Amid mounting criticism over CEO Dennis Muilenburg’s handling of the 737 MAX crisis, Boeing on Monday said that he would be replaced by chairman and longtime board member David Calhoun.
While Calhoun may do a better public relations job than Muilenburg, some observers questioned whether he represents a real change in direction for the embattled company.
CFO Greg Smith will serve as interim CEO until Jan. 13 while Calhoun exits non-Boeing commitments.
“The Board of Directors decided that a change in leadership was necessary to restore confidence in the Company moving forward as it works to repair relationships with regulators, customers, and all other stakeholders,” the company said in a statement.
The move comes nine months after global aviation safety regulators grounded the 737 MAX, Boeing’s best-selling plane, after the second of two deadly crashes. Muilenburg has been faulted for a leaden public response to the crisis, angering the families of the deceased, lawmakers and members of the public with his reluctance to acknowledge that faults with the plane’s flight control system were responsible for the crashes, which killed 346.
Under Muilenburg’s leadership, Boeing repeatedly promised airlines and investors that it was near winning approval for fixes for the flight control system and other changes that would allow the plane to return to service.
Two weeks ago, Muilenburg was upbraided by FAA Administrator Stephen Dickson, who summoned Boeing’s CEO to a meeting in Washington to address concerns that the company was attempting to publicly pressure the agency to move more quickly.
Last week, Boeing announced it would halt 737 production in January, with roughly 400 planes in storage that it had produced since March that it has been unable to deliver to customers.
Calhoun is well-respected, having spent 26 years as an executive at Jack Welch-era General Electric, including a stint running the aircraft engines unit, and he helped guide Caterpillar through a delicate time recently as chairman of the board when the heavy machinery maker was under investigation by the IRS over its accounting and facing troubles in China.
A much more comfortable speaker, Calhoun should be a more effective face for the company than Muilenburg with Congress and the public, and help improve its strained relationship with airlines and the FAA.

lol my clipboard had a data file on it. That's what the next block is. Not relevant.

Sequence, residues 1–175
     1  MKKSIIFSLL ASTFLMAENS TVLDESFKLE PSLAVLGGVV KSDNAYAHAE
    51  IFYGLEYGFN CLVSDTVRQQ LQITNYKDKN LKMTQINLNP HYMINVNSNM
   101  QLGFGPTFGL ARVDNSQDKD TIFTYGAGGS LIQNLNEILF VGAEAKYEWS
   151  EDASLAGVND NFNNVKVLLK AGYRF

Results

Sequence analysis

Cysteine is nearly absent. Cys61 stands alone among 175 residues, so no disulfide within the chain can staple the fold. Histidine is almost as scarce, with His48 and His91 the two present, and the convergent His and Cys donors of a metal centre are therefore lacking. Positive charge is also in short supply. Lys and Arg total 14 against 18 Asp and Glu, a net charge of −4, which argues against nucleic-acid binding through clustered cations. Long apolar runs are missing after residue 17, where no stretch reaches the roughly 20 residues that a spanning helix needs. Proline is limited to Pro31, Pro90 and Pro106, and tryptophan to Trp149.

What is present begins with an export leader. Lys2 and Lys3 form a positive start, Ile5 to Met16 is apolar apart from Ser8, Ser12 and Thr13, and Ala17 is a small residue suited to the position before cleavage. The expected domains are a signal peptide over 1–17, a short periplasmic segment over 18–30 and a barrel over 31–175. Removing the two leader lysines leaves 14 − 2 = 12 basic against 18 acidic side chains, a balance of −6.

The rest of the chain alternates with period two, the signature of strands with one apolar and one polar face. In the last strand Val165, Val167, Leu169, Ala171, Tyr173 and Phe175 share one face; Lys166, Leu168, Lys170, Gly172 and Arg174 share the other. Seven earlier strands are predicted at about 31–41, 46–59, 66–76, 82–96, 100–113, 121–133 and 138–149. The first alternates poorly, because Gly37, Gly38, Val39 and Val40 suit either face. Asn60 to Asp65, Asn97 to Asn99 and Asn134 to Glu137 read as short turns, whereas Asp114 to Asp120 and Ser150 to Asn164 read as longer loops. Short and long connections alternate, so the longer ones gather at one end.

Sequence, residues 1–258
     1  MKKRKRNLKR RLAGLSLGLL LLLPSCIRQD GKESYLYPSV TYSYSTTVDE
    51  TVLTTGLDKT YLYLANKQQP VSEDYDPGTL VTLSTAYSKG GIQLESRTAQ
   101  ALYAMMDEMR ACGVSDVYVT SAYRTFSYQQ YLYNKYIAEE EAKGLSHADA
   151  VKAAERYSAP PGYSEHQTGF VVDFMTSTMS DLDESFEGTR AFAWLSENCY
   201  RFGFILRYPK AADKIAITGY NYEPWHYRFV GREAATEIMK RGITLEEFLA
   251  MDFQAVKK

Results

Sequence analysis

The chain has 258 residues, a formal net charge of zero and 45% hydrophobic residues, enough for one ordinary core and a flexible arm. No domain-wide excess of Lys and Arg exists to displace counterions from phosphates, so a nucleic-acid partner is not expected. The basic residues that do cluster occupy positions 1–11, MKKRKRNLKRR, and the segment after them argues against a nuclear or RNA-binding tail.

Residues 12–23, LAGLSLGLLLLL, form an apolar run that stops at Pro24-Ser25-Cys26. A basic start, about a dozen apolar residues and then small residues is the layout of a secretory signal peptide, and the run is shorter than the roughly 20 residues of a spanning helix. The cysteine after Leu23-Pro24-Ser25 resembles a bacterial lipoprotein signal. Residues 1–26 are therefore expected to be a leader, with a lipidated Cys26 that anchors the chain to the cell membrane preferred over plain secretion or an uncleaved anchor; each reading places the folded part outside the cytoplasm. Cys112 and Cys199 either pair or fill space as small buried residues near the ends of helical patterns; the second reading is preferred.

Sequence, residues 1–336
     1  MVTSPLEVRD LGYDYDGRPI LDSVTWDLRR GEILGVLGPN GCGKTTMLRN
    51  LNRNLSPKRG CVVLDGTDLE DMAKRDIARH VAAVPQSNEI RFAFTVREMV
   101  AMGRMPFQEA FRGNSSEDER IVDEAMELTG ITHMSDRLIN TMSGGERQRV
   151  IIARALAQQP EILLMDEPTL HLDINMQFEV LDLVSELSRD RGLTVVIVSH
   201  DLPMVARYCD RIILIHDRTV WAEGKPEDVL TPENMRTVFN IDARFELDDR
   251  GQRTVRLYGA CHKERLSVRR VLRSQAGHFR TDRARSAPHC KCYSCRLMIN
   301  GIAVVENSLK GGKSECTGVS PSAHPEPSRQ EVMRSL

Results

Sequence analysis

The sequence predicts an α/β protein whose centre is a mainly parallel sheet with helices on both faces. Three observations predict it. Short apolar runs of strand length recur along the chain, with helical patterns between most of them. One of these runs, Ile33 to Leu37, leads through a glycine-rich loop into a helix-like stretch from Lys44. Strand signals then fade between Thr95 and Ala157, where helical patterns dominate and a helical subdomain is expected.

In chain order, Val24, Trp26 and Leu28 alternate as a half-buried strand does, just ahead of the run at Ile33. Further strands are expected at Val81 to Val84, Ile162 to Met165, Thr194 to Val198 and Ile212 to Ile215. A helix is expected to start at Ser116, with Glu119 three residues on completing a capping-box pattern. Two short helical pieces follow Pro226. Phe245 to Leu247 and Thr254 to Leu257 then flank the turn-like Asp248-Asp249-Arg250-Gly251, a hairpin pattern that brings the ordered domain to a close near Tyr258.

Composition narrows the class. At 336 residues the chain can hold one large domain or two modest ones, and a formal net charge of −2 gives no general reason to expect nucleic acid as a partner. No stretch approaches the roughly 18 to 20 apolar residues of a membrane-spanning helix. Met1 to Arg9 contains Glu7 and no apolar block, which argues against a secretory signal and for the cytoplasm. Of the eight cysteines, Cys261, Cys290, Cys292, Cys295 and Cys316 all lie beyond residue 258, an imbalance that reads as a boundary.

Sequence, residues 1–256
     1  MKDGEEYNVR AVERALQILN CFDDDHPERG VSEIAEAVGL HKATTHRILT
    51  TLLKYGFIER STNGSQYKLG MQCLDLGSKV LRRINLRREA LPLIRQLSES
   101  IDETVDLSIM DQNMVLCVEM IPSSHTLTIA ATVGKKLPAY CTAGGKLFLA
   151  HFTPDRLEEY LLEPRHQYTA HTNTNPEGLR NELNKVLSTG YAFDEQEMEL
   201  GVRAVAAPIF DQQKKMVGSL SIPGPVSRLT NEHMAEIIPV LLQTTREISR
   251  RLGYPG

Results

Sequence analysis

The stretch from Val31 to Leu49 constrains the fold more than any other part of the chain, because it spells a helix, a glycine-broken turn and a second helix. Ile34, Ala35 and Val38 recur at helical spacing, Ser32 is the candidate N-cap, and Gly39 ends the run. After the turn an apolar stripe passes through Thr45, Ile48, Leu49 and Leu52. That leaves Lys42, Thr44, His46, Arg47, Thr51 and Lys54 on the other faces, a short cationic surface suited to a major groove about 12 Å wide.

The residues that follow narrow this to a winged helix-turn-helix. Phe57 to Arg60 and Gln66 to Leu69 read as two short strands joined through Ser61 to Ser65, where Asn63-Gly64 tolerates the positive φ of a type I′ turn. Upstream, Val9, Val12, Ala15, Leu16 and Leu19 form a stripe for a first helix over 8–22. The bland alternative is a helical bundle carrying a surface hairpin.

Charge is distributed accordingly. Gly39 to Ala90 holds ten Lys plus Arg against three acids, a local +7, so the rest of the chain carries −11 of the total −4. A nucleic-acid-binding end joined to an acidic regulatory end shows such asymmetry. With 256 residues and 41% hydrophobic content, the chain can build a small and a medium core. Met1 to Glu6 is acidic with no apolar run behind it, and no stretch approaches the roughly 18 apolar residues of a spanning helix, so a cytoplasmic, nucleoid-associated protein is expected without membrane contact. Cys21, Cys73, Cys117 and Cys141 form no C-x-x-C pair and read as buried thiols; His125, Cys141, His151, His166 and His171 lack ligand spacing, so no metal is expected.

While that might be a solution for Boeing’s short-term problems, Richard Aboulafia, an aerospace analyst with Teal Group, cautions that Calhoun’s recent experience doesn’t lend confidence that he has the skills Boeing needs long-term. Calhoun has spent the past five years in private equity as a managing director at Blackstone Group, and before that eight years as head of the market research firm Nielsen. “[It] is perhaps the wrong toolkit for an engineering company that needs to restore its capabilities and reputation,” he says.
Given that Calhoun has been on Boeing’s board since 2009, it’s questionable whether he can offer a fresh approach, analyst Ronald Epstein of Bank of America/Merrill Lynch wrote in a client note. “We wonder if appointing from within, especially an insider that has been with the company for 10 years, signals more of the same from Boeing vs. an outside appointee who may have offered more of a change of pace and culture.”
Calhoun, who was appointed chairman in October when the title was stripped from Muilenburg, will be replaced as chairman by Lawrence Kellner, a board member since 2011 who was CEO of Continental Airlines from 2004 through 2009.
Boeing has a mandatory retirement age of 65 and Calhoun is 62. While the board could be amenable to giving Calhoun an extension, CFO Smith may be in position to take the job eventually, says Jeffrey Sonnenfeld, a professor at the Yale School of Management. “This gives him runway to be an appropriate successor.”